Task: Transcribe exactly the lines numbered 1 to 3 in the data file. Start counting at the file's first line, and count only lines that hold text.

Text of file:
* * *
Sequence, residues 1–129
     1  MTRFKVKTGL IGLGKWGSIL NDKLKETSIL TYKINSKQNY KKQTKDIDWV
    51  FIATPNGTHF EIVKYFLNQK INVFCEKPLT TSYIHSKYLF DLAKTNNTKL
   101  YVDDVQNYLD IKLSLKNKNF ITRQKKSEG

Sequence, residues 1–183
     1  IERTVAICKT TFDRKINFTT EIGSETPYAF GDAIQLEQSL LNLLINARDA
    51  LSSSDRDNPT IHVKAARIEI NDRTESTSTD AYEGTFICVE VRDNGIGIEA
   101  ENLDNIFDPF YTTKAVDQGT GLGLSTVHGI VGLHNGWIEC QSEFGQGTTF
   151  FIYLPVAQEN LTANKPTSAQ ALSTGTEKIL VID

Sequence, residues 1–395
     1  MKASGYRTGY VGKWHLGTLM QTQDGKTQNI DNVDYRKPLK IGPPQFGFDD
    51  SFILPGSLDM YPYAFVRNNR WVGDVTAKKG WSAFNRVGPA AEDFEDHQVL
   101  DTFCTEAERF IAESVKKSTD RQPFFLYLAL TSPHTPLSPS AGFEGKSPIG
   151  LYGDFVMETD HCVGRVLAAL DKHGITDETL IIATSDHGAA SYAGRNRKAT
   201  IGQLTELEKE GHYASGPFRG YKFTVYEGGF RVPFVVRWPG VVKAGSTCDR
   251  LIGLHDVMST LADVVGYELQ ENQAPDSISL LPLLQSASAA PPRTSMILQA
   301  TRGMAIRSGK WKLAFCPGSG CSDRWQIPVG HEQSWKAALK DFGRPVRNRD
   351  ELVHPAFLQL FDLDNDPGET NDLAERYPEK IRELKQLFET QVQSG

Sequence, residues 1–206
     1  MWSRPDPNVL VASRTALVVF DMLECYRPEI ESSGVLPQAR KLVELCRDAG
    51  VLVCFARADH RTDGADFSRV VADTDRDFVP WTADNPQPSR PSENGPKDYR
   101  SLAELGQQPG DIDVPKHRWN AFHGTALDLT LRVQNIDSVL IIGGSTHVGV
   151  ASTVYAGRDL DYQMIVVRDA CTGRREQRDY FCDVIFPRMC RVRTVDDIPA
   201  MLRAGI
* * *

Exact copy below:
Sequence, residues 1–129
     1  MTRFKVKTGL IGLGKWGSIL NDKLKETSIL TYKINSKQNY KKQTKDIDWV
    51  FIATPNGTHF EIVKYFLNQK INVFCEKPLT TSYIHSKYLF DLAKTNNTKL